Mississippi Floods Carry Sediment Plumes

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Satellite images show large amounts of sediment throughout coastal Louisiana as a result of flooding on the Mississippi River, according to recent U.S. Geological Survey and NASA data.

USGS and NASA are providing satellite imagery to the U.S. Army Corps of Engineers and the State of Louisiana to assist with the flood response efforts.

source: USGS

Satellite images show three large areas of sediment, or plumes, moving through the floodwaters across Louisiana. The opening of the Bonnet Carré water control structure caused a plume that is located in Lake Pontchartrain. Another plume was the combined result of the Morganza spillway being opened and flooding on the Atchafalaya River. The third plume can be seen where the Mississippi River meets the Gulf of Mexico, also known as the Mississippi Delta. This image can be found on the USGS delta website, by clicking on the sediment plume option on the right hand side.

“The current focus is the protection of life and property but we are also trying to learn more about how events like this impact the coastal ecosystems,” said Phil Turnipseed, Director of the USGS National Wetlands Research Center. “If we can better understand how sediments move into the wetlands, then we could create more effective restoration projects.”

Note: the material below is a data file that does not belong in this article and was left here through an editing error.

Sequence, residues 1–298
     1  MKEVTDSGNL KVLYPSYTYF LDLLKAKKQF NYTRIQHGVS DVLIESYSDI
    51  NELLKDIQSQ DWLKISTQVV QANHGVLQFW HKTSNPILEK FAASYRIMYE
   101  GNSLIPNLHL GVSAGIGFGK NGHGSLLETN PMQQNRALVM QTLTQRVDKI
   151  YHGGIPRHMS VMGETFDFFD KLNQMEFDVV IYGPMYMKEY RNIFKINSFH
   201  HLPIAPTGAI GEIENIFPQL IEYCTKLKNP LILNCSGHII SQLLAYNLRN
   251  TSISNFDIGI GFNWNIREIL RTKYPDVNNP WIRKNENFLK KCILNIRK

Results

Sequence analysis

Wetland seasonal flooding is a natural event and is essential to the health of coastal wetland ecosystems. Extreme floods deliver high amounts of sediment and nutrients to the wetlands in central and southeast Louisiana. The Atchafalaya and Wax Lake Deltas are examples of the positive effects flooding can have on a growing delta.

For more information about USGS wetlands research, visit the USGS National Wetland Research Center website.

source: USGS press release